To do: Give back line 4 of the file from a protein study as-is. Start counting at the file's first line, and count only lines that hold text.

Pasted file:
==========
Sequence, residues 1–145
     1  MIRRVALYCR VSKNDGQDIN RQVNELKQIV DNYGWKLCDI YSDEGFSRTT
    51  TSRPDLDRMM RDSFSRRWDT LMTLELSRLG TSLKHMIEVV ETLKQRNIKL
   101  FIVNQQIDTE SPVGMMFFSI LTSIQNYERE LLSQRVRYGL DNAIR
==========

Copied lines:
   101  FIVNQQIDTE SPVGMMFFSI LTSIQNYERE LLSQRVRYGL DNAIR